In the Swiss playwright Friedrich Dürrenmatt’s masterpiece Die Physiker, the head of a psychiatric unit is revealed to be totally and utterly mad. There were elements of that in Armel Opera Festival’s production of The Magic Flute, visiting the Hackney Empire this weekend. This was the first time I had come across the Hungarian festival, which has been running since 2008 and combines the creation of new productions with a competition, but on the strength of this co-production with the Szeged National Theatre, I’d like to see more.

Director Róbert Alföldi relocates the opera to the wing of an asylum; dirty grey tiles on the ground level with glass doors and a large shower in the corner, a padded layer on the first floor. As the overture plays, Tamino is dragged in by the Three Ladies – here sadistic nurses – raving, screams ripping across the music and the first word we hear is “scheiße”. It is, in many respects, a brutally uncompromising production and highly effective: Tamino struggles not with a snake, but the long twists of a hose; the lady trio’s lustful musings on him take on a more sinister character through the new power dynamic created by the practitioner/patient scenario, as do Monostatos’ attempts to rape Pamina. The war between the Queen of the Night – here a doctor with a penchant for dance moves – and Sarastro can be taken as a war for the hospital and a battle between different treatments. There’s even a children’s ward represented by the Three Spirits in pink hospital smocks.

The whole concept is revelatory, even if by making so many of his own points and tapping into the huge contemporary issues of mental health and abuse of power, Alföldi loses something of Mozart’s own imagery. He has so many brilliant touches though. Papageno’s bells, for example, become a bottle of tablets that halt the pill-popping Monostatos and his cronies in their tracks. Sarastro’s triumph over the Queen of the Night is finalised by an enforced injection, prompting immediate pacification and a loopy grin.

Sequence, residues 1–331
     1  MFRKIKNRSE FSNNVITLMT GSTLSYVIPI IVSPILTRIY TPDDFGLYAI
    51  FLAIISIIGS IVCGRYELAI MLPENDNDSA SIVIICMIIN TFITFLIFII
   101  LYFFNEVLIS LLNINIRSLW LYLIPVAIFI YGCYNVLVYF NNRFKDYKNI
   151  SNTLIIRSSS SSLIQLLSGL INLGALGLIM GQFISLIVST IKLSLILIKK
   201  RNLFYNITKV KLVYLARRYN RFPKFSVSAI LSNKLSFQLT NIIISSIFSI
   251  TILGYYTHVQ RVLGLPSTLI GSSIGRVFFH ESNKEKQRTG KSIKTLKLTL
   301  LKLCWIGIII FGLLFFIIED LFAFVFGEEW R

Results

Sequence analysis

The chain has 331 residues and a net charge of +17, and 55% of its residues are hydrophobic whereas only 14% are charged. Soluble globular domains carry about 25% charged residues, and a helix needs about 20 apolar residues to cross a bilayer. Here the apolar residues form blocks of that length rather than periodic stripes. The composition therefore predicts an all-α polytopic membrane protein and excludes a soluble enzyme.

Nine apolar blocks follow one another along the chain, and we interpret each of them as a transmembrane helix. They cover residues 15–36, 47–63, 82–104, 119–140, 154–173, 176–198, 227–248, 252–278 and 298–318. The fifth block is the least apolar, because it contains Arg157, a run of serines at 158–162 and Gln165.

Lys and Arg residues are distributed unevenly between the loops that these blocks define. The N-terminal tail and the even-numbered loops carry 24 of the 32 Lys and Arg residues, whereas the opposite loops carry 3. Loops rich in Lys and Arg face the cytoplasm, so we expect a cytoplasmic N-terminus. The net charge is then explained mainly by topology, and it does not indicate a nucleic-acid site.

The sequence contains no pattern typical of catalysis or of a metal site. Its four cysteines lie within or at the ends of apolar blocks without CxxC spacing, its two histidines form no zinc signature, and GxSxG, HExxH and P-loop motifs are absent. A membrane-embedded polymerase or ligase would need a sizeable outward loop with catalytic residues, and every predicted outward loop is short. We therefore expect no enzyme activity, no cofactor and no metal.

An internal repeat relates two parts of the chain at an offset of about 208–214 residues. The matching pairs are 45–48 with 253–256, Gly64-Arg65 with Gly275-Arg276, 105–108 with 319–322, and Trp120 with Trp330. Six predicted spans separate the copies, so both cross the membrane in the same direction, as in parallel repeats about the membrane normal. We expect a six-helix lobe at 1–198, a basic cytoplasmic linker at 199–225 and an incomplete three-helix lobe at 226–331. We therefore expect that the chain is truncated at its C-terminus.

What was really striking was the level of care taken by both director and the cast to create the various depictions of insanity; Pamina is prima inter pares as a wreck with nervous jerking gestures, a constant flutter on her fingers and an entirely believable fascination with the scalpel that her mother gives her as a weapon against Sarastro. Yet in this bleak, visceral staging there’s not that absence of mirth that so often causes a Mozart production to self-destruct. There is humour, black though it might be, and Alföldi’s nose for combining bathos and pathos drew plenty of guilty laughter.

Musically the production was also a success. Éva Kovács gave a memorable performance as Pamina, combining the character depiction mentioned above with a girlishly simple soprano, silvery all the way through and with a higher register which, once warmed up, had a palpable strength to it, most touchingly deployed in “Ach, ich fühl's”. There are one or two rough edges to be smoothed out, but the fundamental vocal clarity and expressive phrasing together with an obvious ability for character acting makes her one to watch. György Hanczár’s smooth tenor was a good fit for Tamino and the way he made his tenor grow in strength as the character developed was a good move, moving from a pale insecurity at the beginning to a vibrant and energetic lyricism by the end of the first act. A slight tendency to force the voice at the top needs to be monitored. Quality of acting was again wholly convincing – his terrified confusion at the beginning was particularly raw. How both he and Kovács were able to sustain beauty in their voices given the amount of screaming that was directed is a mystery.

Szilveszter Szélpál’s Papageno appeared grunting and muttering gibberish; he caught imaginary birds and nearly assaulted Pamina, but was sung with a colourful, even-timbred baritone which had some power to the lower register. His dive into the audience wouldn’t have worked in a larger venue, but was cheerfully unaffected. Marlene Assayag gave a strong performance as the Queen of the Night with a “Der Hölle Rache” that showed off fearless coloratura, largely unforced at the very top. István Kovács’ Sarastro had his white coat buttoned a little too tightly; he lacked a certain warmth and “O Isis und Osiris” was slightly unfeeling, but “In diesen heil'gen Hallen” had a more optimistic tone and he showed a pleasantly gravelly lower register.

Gregory Vajda drew a rich, fleet sound from the Szeged Symphony Orchestra; dramatic tempi balanced with a sensual appreciation for the score’s longueurs and an obvious care for the singers. This was a highly impressive performance from all parties that won’t easily be forgotten.